What can create oil starvation is motors built (often 383/396) using stock or aftermarket oil pans is NOT installing the windage tray because of rod bolt interference. In autox applications this can be a huge problem as oil will foam and oil starvation can happen without a windage tray. Nothing to do about whether a HV, standard or HP pump is used. Very simple to run windge tray in stroker motors by simply standing the tray 1/8" away from rotating assembly using a washer between the extended main cap studs for the windage tray and nut

Your builder friend may be extremely qualified and build motors worth 100's of thousands of $ but I have never seen or heard of anyone sucking the oil pan dry from using a HV pump in a motor set up to use one (let alone of it happening in any street car). Just people who have never used one passing on 2nd hand hearsay
 

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Discussions about high volume pumps can get so contentious. But unless the volume was increased substantially, and the engine wasn't built for it (loose bearings, oil coolers, low viscosity oil), then it should be OK. The worst that will happen, esp at 3,000 RPM (not considered high) is that the oil gets hotter than it would have with a standard volume pump.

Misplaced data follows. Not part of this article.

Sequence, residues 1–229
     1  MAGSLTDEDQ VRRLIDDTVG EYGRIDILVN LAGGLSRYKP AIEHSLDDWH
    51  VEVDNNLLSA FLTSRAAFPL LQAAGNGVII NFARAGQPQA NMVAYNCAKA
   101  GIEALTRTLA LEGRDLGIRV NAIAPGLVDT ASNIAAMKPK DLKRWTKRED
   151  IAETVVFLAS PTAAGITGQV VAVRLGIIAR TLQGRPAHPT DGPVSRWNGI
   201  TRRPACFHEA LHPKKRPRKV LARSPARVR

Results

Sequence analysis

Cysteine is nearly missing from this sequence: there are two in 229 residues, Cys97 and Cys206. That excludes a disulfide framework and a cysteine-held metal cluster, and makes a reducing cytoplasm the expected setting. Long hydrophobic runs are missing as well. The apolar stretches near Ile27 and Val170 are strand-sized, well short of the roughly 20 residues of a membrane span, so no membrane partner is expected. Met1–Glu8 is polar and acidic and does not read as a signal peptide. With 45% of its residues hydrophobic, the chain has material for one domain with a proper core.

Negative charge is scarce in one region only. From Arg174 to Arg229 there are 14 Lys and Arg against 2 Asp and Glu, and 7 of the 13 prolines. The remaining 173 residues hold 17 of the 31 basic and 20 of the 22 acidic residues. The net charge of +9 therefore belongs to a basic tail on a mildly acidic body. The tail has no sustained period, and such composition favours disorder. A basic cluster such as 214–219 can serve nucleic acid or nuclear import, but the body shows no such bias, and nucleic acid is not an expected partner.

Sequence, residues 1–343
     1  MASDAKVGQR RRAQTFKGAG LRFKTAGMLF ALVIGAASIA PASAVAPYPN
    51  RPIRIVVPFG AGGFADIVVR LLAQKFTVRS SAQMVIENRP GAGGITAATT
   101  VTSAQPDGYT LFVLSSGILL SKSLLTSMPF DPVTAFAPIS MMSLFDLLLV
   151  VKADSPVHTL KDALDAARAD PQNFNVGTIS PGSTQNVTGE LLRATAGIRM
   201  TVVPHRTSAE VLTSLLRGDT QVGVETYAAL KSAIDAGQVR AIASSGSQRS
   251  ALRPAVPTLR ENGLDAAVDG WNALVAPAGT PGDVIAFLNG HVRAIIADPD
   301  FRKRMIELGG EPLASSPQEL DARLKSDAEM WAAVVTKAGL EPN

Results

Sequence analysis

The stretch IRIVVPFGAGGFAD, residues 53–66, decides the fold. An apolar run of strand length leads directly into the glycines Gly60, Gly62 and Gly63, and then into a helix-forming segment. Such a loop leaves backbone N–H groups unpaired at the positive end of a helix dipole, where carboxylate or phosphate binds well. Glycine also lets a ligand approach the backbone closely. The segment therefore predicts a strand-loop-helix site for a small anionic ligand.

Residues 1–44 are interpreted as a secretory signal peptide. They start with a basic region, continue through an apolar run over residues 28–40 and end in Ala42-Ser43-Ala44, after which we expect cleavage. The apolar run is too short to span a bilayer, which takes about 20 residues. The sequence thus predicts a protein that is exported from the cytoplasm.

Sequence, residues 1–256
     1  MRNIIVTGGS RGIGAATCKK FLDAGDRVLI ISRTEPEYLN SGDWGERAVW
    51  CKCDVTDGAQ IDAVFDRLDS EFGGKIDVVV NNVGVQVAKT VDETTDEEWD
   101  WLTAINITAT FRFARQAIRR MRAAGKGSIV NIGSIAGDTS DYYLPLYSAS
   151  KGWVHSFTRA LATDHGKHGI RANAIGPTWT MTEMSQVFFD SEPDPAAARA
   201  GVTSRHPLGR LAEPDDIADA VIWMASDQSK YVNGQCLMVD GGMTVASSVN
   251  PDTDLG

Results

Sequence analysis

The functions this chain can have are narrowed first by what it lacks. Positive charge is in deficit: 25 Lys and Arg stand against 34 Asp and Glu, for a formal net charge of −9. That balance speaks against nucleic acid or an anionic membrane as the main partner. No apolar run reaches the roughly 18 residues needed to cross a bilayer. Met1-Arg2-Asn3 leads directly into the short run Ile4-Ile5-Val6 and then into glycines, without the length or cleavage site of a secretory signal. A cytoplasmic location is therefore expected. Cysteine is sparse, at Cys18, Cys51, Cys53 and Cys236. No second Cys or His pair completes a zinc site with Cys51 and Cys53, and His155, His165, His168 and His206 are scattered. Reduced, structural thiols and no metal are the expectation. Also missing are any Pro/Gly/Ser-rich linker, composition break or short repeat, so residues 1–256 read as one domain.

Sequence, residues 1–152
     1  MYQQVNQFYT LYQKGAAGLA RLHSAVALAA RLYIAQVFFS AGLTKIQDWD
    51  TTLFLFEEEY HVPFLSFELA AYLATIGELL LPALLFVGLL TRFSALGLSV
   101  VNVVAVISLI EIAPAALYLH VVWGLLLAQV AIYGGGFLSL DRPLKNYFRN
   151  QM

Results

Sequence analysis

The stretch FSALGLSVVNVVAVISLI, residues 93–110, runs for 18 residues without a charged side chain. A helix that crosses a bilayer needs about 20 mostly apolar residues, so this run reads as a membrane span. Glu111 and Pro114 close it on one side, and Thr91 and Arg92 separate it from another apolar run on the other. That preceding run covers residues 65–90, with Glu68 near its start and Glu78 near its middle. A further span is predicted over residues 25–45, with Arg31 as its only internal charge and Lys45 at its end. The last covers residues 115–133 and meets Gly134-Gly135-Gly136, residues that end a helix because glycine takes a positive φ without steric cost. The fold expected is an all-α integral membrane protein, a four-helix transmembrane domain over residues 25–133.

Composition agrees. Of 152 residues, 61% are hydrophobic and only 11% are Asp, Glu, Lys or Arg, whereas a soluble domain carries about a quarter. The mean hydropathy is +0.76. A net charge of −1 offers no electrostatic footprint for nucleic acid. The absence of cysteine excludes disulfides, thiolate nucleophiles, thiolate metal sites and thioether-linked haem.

Speaking of the pump, although it seems unlikely, perhaps that is the source of the noise.

I use a Moroso pump that is a Melling Select high pressure pump, and it has a distinct wine (but nothing like the noise here).
 

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I have never seen or heard of anyone sucking the oil pan dry from using a HV pump in a motor set up to use one (let alone of it happening in any street car). Just people who have never used one passing on 2nd hand hearsay

I am only going to say this one last time! I PERSONALLY scattered my motor all over the freeway at over 158 mph and was told by the highly qualified engine builder that I had sucked the pan dry and that caused it to spin a bearing and throw a rod out the side of the block. PLEASE stop talking to me like I am a google kid and not someone who has been there and done that!!!!!


Mike--94MSP9C1